Every time some kind of praise comes up about how special this place is — and it often does, such as today –we love to remind people about how historically dipshit this town is.
Especially note the dumb and dumber comments from legendary local “historian” Mary Jane Strickland.
Yes, with friends like these, who needs …
Landmark Big Boy Case Ignites Rights Debate in Burbank: Preservation: Council considers drafting a local ordinance that would give historic designation only with the consent of property owners.
November 12, 1992|JIM HERRON ZAMORA | TIMES STAFF WRITER
In the wake of a state decision to add Bob’s Big Boy to the list of California points of historic interest, the Burbank City Council is considering a historic preservation ordinance that would allow landowners to veto any effort to designate their property a landmark.
Several council members said the ordinance, which was discussed Tuesday night, should include a provision to assure that “there will be no more Big Boys.” They were referring to a decision by the State Historic Resources Commission on Friday to declare Bob’s Big Boy restaurant in Burbank a landmark despite opposition from the property owner, who wants to tear the diner down.
The landmark designation will make it legally more difficult to raze the 1950s restaurant at Riverside Drive and Rose Street and replace it with an office building or shopping center, as the owner had previously proposed.
“I personally feel that the rights of the owner of Big Boy were not honored,” Councilman Tom Flavin said. “We should adopt some type of preservation policy, but the rights of property owners need to be protected.”
Interestingly, it was preservationists who sought a local preservation ordinance, while business leaders have opposed it.
The Burbank Historical Society initially proposed an ordinance that would create a commission able to recommend landmark status regardless of the wishes of property owners. But the society backed away from that proposal because members felt the generally pro-development council would oppose it.
At Tuesday’s meeting, city planners asked the council to put off consideration of the issue until August. The council voted to have Flavin meet with representatives of both preservationists and business people during that time, and then come up with his own recommendation.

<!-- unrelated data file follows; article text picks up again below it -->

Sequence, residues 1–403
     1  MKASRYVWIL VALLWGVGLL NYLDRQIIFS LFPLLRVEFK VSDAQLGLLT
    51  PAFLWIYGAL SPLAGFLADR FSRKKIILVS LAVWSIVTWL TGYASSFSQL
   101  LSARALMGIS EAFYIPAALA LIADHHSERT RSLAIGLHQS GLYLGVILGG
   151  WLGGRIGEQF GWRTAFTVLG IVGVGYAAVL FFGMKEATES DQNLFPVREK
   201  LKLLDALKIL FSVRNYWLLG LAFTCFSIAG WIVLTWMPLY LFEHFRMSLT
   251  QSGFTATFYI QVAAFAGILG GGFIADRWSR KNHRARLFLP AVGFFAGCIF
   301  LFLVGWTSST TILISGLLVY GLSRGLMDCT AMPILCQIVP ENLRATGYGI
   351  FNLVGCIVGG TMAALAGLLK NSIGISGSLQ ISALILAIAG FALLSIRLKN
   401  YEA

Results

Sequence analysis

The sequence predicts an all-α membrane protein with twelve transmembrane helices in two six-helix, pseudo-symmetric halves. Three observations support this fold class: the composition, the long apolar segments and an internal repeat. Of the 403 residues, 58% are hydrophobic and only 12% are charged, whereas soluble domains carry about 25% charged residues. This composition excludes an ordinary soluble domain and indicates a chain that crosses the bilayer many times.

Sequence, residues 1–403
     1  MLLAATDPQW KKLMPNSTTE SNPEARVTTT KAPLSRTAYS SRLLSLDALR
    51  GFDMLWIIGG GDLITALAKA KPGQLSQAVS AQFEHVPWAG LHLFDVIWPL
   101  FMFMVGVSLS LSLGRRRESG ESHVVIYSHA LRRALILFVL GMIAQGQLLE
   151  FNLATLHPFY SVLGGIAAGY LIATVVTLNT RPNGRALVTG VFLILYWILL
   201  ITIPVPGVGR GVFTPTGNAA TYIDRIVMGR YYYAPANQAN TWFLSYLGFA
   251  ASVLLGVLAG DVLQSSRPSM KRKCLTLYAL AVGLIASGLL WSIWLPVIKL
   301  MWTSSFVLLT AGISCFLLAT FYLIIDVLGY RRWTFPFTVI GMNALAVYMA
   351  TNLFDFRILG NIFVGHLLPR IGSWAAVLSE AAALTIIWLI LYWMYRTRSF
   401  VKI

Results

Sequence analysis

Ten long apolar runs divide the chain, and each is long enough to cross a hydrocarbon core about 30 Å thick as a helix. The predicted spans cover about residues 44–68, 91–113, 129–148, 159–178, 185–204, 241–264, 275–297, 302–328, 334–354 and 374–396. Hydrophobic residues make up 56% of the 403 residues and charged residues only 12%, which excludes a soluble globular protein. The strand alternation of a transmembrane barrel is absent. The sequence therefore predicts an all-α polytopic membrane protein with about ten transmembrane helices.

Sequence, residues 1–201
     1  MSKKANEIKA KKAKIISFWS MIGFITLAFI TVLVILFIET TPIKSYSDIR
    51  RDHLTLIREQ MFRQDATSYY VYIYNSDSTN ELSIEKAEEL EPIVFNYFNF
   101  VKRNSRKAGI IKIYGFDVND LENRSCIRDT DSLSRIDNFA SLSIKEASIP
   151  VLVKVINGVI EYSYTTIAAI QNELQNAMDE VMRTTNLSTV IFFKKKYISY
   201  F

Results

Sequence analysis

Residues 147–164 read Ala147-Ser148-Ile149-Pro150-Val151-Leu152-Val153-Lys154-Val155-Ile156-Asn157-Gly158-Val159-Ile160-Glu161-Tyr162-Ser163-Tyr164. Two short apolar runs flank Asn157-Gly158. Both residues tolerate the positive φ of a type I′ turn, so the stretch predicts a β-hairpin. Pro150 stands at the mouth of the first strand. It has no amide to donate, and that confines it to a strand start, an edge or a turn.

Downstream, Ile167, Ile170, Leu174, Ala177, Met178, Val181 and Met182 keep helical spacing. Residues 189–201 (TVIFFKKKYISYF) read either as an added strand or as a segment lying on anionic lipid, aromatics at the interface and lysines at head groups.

Tuesday’s City Council debate over Bob’s Big Boy stems from an earlier council decision not to take a stand on the issue of landmark status for the diner when it was under consideration by the Los Angeles County Board of Supervisors in July. The supervisors voted to recommend landmark status and then forwarded their recommendation to the State Historic Resources Commission for final approval.
On Friday, the state commission declared Bob’s a landmark that preserves the look of 1950s Southern California car culture. Bob’s joined 53 other sites in Los Angeles County on the official list of State Points of Historic Interest.
Under state law, if a city does not have its own procedure for nominating state landmarks, then the county handles such issues. If Burbank had had such an ordinance in place, it could have prevented Bob’s from receiving landmark status, preservationists and city officials agreed.
See our comment at the end.
Preservationists, who want some type of landmark protection ordinance as soon as possible, are divided on the issue of giving historic designation only with the consent of property owners.
“The balance for public good outweighs private whim,” said Vance Pomeroy, a member of the of the Burbank Historical Society. “The wishes of the owner shouldn’t be allowed to overpower the public good.”
But other members of the same group took a more moderate approach.
“We don’t want to be in a continual hassle with property owners. If the property owner doesn’t want it to become a landmark, then it’s a dead issue,” said Mary Jane Strickland, a co-founder of the Burbank Historical Society.
And Gary Sutliff, vice president of the historical society, was even more blunt: “Bob’s Big Boy does not fit my criteria for a historic landmark.”
The Burbank Chamber of Commerce believes even the modified proposal is too strong during a recession.
“The implementation of a heritage ordinance at this time is not in the best interests of the Burbank business community,” Zoe J. Taylor, executive director of the Burbank Chamber of Commerce, wrote in a letter to the council. “As businesses struggle to emerge from our current recession, this ordinance poses a potential obstacle to growth and development in the city of Burbank.”
It was because of a careless omission in Burbank law (thank god) that the County was allowed to step in and save the TL Bob’s.
It was no thanks to anyone running Burbank. They had no problem with it being torn down, and instead, were absolutely aghast when someone else came in from the outside world and told them “no.” Such granted historical status made it much more difficult to demolish the structure.